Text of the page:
United States of America, Appellee, v. Francis K. Zacher, Appellant, 465 F.3d 336 (8th Cir. 2006)

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U.S. Court of Appeals for the Eighth Circuit - 465 F.3d 336 (8th Cir. 2006) Submitted: September 26, 2006
Filed: October 11, 2006

Ralph A. Vinje, argued, Bismarck, ND, for Appellant.

Paul R. Emerson, argued, Waseca, MN, appellee.

Before ARNOLD, BYE, and MELLOY, Circuit Judges.

ARNOLD, Circuit Judge.

Francis Zacher was indicted for conspiracy to distribute methamphetamine, see 21 U.S.C. §§ 841(a) (1), 846, possession of firearms by a user of a controlled substance, see 18 U.S.C. §§ 922(g) (3), 924(a) (2), and possession of an unregistered firearm, see 26 U.S.C. §§ 5861(d), 5871. Before trial, Mr. Zacher moved to suppress evidence that the police had obtained by searching various FedEx packages and his home. The district court1  denied the motion, Mr. Zacher appealed, and we affirm.

Lenise Jessen, a FedEx employee, was suspicious of the package that Madina Helm had dropped off. Ms. Helm and Mr. Zacher had sent numerous parcels to one Jesse Garcia in recent weeks, and the frequency of these shipments was growing. Ms. Jessen called Detective Cody Trom of the Bismarck, North Dakota, police department to convey her suspicions. Detective Trom decided to investigate and came to the FedEx facility followed shortly by a canine unit.

Once at the facility, Detective Trom took the package from Ms. Jessen and placed it on the floor with several others. The dog alerted to the package, tearing a hole in the cardboard envelope in the process. To confirm the alert, the police had Ms. Jessen hide the package, and the dog found it and alerted again.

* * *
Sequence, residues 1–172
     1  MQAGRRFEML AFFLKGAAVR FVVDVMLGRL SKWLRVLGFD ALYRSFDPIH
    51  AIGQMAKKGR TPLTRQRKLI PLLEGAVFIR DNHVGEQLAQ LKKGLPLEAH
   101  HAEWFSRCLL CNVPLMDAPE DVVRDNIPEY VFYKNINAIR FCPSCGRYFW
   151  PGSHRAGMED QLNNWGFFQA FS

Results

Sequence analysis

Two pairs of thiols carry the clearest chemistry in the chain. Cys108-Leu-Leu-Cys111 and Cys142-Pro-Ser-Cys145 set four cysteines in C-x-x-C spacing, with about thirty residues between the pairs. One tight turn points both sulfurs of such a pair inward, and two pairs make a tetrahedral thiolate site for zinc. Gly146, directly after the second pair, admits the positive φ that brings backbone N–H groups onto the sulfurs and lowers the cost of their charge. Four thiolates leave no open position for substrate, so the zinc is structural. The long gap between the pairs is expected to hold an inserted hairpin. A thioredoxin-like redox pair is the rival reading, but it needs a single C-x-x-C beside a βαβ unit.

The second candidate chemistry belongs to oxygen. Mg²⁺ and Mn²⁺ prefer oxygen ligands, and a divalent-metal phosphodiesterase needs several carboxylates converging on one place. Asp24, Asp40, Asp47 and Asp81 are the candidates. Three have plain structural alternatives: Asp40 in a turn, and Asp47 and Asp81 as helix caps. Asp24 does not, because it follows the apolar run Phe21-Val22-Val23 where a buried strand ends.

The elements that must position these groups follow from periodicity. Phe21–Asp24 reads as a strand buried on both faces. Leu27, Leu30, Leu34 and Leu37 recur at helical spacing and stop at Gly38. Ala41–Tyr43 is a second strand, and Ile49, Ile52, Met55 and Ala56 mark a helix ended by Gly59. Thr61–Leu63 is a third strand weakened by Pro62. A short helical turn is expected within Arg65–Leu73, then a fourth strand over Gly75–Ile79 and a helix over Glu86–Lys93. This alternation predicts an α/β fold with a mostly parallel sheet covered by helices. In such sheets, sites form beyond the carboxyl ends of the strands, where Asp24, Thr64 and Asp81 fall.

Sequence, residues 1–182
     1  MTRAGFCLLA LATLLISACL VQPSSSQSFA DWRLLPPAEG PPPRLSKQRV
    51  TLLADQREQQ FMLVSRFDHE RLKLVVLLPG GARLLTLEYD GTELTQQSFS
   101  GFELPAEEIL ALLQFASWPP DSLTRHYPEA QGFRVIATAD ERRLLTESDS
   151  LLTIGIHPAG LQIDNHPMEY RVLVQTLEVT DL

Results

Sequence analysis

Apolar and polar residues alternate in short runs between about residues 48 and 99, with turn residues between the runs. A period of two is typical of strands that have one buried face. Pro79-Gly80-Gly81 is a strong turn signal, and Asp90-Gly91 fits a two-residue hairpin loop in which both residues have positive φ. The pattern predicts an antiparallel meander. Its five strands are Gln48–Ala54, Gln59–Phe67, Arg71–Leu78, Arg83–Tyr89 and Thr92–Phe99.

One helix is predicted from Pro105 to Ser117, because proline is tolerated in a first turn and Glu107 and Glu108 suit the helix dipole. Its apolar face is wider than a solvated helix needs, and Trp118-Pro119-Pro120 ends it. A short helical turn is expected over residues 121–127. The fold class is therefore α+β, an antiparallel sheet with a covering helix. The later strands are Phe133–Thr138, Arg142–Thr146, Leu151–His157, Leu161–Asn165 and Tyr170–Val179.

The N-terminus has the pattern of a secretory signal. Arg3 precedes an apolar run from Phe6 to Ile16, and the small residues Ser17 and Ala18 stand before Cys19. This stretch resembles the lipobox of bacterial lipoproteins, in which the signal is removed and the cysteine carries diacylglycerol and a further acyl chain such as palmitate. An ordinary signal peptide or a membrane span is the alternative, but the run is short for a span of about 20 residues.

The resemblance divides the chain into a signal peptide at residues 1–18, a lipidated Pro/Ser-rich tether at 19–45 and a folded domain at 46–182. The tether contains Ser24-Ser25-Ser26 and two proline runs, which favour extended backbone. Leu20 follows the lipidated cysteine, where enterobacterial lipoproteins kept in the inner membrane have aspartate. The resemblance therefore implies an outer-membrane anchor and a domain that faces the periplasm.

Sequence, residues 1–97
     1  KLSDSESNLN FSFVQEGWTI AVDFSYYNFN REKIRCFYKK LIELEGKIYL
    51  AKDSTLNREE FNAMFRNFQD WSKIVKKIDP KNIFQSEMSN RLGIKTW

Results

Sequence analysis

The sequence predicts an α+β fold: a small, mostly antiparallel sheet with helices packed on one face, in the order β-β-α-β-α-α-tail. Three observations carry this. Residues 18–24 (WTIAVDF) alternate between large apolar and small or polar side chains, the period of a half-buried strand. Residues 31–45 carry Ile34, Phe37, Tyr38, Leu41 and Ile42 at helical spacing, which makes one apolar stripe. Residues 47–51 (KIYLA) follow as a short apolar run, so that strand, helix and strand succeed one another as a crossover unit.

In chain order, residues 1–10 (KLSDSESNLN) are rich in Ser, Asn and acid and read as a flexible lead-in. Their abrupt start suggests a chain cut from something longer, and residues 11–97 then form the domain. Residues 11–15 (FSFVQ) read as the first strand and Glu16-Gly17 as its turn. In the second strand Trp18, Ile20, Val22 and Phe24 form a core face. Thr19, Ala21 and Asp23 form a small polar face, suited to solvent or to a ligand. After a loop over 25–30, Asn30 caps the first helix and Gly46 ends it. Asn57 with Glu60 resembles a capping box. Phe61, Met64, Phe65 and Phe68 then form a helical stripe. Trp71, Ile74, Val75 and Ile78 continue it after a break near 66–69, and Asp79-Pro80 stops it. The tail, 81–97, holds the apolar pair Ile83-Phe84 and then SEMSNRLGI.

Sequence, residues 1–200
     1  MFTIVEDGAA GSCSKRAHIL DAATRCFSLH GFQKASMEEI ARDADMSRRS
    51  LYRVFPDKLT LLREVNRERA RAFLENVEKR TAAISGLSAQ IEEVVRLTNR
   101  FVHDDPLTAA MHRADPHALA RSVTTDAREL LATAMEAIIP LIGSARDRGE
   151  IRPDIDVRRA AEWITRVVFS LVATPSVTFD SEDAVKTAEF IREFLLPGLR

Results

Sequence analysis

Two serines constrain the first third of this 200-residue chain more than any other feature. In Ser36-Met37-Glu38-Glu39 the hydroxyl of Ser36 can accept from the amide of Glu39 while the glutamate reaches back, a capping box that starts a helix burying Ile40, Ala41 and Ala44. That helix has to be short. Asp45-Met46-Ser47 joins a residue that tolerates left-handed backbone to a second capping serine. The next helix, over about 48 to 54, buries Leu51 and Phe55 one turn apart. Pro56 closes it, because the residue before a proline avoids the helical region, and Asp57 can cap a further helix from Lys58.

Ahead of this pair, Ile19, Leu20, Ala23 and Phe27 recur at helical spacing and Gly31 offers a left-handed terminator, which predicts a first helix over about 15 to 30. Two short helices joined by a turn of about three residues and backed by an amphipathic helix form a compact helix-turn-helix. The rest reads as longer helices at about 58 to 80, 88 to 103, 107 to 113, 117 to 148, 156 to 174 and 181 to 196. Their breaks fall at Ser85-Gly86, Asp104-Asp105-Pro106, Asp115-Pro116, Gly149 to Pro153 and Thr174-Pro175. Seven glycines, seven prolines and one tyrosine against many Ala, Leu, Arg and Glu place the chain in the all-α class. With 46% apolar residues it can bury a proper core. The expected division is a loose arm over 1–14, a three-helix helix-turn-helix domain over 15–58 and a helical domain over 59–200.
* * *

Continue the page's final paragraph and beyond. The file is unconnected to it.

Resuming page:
After the dog alerted the second time, the police called a state's attorney, who contacted a local magistrate. The magistrate heard sworn testimony from the dog's handler, Officer Glen Valley, over the telephone and ordered that a warrant be issued. A copy of the search warrant faxed to the FedEx facility was illegible, so an unsigned copy was sent via e-mail to Detective Trom while he was at the FedEx office. The detective gave Ms. Jessen a copy of the warrant and took the package and another copy of the warrant to the magistrate's home. After the magistrate signed the warrant, Detective Trom returned to the police station, opened the box within the torn envelope, and discovered $5,200 in currency. The police decided to repackage the currency and have it delivered to Mr. Garcia without telling Mr. Zacher, Ms. Helm, or Mr. Garcia of the search and seizure.